The AsiaN in Arabic: A timely & win-win news service to meet needs of Asia and Arab world

“Instead of reading only Shakespeare, Arabs should also read Chinese and Indian literature and poetry in Arabic,” a speaker at the Arab Look East symposium told me.

Then paraphrasing a Mahatma Gandhi he added: “Open the windows so you get air and light from all directions. Only don’t let it uproot our house.”

His views highlighted  the Arab intelligentsia’s new open-mindedness to re-discover and savour Asia’s rich literary and cultural heritage — a key facet of the forum’s theme of exploring deeper and more meaningful ties with China, India, Japan and Korea as well as Muslim states in Central Asia.

I attended the conference organised by Al-Arabi in Kuwait City in 2010 together with AJA founder-president Sang-ki Lee —  the first time for us to touch base with our Middle East scholars, editors, writers, media practitioners and government officials. We saw our participation  as a wonderful opportunity for Asia Journalist Association(AJA) to play our part in promoting media exchanges with our Arab counterparts.

We noted how the local and overseas speakers at the forum made much of the fact that the Arabs were really re-visiting their traditional contacts with Asia, harking back to the 14th Century.

Fascinating accounts were delivered of  the  epic voyages to the Persian Gulf by Admiral Zheng Ho, a Muslim, of the Tang dynasty and of  the Arabic manuscripts found in the ancient central Asian state of  Tartarstan.

These highlighted the historically harmonious trade and cultural ties Arab countries had once forged  with countries like China and India.

In contrast, the Arab encounter with the French and British colonial powers had been most unsettling, to say the least. With the United States there was unhappiness  over its uneven-handed policies over the Israel-Palestinian conflict.

That negative experience with the West aside, Arab countries also see an urgent need to strike an even keel in relations with both West and East, in response to a economically resurgent Asia.

“All we need to do is to balance our relations with East and West. In the last 50 years we have put all our attention on the West and to now turn completely to the East is not good,” said the speaker.

At the Arab Look East Symposium, we were also treated to a display of some of the finest Arab classical and pop cultures as musical and song performances were staged to boost spirits for the lectures and discussions. We were impressed with the Islamic musical repertoire and talents which an Asia audience would appreciate.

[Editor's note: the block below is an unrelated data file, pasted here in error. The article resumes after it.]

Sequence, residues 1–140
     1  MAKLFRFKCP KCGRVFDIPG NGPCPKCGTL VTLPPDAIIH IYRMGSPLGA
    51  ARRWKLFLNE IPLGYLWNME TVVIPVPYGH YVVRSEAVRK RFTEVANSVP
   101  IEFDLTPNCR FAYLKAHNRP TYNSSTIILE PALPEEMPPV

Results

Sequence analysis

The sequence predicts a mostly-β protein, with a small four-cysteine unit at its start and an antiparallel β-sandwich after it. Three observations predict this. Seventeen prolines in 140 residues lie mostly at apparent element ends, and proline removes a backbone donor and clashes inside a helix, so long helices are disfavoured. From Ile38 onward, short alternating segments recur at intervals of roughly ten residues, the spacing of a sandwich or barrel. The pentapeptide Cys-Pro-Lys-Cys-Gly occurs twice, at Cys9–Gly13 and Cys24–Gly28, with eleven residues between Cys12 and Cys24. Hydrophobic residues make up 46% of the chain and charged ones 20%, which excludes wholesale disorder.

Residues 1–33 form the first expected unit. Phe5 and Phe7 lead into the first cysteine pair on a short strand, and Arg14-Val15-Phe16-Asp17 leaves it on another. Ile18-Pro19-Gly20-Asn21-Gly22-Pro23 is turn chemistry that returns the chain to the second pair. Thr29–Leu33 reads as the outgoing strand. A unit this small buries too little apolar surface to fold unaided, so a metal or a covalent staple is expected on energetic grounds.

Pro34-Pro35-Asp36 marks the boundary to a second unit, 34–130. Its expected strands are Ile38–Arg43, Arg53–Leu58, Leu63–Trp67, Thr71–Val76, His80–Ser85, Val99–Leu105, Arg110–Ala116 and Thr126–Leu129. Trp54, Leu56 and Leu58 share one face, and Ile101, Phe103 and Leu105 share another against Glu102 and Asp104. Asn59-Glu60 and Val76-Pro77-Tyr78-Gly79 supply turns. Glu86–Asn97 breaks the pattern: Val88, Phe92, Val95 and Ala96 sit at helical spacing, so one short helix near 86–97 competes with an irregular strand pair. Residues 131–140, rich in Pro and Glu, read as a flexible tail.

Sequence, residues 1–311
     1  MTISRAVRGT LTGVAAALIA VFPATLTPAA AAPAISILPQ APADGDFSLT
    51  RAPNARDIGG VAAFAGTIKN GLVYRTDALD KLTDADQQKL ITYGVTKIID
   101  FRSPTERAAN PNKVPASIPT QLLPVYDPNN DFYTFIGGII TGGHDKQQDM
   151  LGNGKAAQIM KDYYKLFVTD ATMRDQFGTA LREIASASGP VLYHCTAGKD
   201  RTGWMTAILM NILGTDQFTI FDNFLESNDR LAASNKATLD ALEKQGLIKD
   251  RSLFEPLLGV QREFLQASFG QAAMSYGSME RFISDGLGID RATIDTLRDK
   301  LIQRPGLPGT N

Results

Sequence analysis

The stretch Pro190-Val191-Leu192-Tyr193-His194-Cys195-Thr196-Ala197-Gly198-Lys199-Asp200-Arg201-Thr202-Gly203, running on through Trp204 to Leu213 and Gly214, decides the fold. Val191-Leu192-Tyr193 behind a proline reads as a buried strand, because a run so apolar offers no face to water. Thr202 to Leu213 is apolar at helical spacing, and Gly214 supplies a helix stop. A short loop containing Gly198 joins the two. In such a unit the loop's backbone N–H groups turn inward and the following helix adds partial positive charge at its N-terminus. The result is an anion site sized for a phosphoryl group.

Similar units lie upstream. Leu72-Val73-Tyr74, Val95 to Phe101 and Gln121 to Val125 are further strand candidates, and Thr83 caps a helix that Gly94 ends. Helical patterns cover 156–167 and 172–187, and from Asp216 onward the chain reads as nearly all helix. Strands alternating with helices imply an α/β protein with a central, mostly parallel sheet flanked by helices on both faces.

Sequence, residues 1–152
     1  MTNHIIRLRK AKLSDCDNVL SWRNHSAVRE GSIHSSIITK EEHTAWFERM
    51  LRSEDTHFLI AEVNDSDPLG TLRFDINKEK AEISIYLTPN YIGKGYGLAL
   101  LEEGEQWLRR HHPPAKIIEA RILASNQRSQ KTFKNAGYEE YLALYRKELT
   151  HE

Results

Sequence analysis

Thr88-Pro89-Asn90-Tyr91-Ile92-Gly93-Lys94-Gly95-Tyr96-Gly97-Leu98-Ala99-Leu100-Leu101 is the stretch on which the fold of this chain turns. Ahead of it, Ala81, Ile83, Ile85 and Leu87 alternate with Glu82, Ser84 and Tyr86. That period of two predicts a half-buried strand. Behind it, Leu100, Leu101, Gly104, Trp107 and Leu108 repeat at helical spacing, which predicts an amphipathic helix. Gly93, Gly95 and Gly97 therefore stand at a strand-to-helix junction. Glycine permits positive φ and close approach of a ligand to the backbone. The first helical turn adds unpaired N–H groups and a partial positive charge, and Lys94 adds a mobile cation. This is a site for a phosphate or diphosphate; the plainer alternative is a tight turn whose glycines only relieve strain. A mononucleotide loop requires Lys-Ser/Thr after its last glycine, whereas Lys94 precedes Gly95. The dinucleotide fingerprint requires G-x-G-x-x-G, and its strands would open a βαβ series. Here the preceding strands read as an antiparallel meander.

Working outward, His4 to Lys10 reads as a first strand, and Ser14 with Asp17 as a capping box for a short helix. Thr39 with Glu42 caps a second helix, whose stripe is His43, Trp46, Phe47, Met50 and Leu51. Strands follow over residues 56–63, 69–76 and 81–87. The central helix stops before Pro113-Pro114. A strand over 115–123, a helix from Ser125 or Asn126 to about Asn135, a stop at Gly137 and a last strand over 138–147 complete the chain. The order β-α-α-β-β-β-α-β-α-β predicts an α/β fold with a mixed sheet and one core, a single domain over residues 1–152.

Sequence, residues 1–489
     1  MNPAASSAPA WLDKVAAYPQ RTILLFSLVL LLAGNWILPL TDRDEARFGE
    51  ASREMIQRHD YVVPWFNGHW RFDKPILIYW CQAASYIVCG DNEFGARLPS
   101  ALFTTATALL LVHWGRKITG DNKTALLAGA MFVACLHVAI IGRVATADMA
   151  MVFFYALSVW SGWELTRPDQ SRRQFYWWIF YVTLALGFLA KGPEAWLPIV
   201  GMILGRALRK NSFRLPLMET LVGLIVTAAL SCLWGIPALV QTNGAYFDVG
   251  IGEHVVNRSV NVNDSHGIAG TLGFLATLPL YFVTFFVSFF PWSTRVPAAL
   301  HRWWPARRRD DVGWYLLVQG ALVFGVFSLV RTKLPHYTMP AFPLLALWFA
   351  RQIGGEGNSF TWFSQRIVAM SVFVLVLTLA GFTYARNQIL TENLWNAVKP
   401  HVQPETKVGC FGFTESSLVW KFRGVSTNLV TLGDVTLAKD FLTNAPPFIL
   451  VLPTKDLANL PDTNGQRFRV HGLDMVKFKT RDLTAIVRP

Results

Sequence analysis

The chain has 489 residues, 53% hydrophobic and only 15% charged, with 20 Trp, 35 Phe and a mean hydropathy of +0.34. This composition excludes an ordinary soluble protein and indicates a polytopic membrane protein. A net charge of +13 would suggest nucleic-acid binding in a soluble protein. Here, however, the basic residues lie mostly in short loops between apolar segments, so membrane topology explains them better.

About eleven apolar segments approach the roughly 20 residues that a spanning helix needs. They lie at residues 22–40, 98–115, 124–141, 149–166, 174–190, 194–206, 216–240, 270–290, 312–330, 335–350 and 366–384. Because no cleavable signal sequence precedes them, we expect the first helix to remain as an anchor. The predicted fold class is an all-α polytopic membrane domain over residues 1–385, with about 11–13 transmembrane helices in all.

Indeed, the forum pointed the way to closer contacts and exchanges between Arab  government officials, scholars, journalists and musicians and their Asian counterparts.

It is significant that the Asia Journalist Association is among the first media organisation to follow up on the vision for stronger and wider cross-cultural ties between Middle East and Asia.

With the launch of an Arabic edition by Asia N, AJA takes up the challenge of bridging anew the information and cultural gap between these two regions. We will bring a unique feature to the two-way flow and analysis of  events and developments, tapping on the expertise of our Middle East and Asian correspondents and columnists to offer readers their national and regional perspectives on issues and events.

The use of pictorials and videos will help inject a lively and exciting touch to our media coverage. It is interesting to note that Islamic musical videos that are of growing popularity with viewers are a staple fare of pan-Arab TV channels. Asia N can explore using  music videos to showcase Asian pop and classical culture to its Middle East audience.

We are putting up Asia N Arabic version amid the continuing ferment triggered by the Arab Spring popular uprisings. Against such a backdrop, how ready are the people in the different Middle East states to embrace Asia N in Arabic? I should think this is as good a time as any.

Going by the Asia Look East symposiums, there will be a ready audience for Asia N, especially among the younger net-savvy set.

Since 1990s, a media revolution is said to have begun in the Middle East with the inception of satellite TV in Arabic language.
The Middle East Broadcasting Station and Arab News Network, together Al-Jazeera, — a pan-Arab satellite news service based in Qatar — have given the people greater access to information about the outside world  and brought about more connectivity. More interestingly, the modern media have produced a new breed of writers, directors and producers, actors and translators — that the rise of a professional media and cultural fraternity that is able to relate and engage with global players in the field.

Such, socio-political changes in various Arab states have also stimulated a lot of interest and concern in Asian countries. Asian readers are likewise hungry for news about the political transformations and conflicts in Middle East.

An AsiaN Arabic news service is not only timely but a win-win proposition that meets both the needs and interest of Asia and the Arab world.

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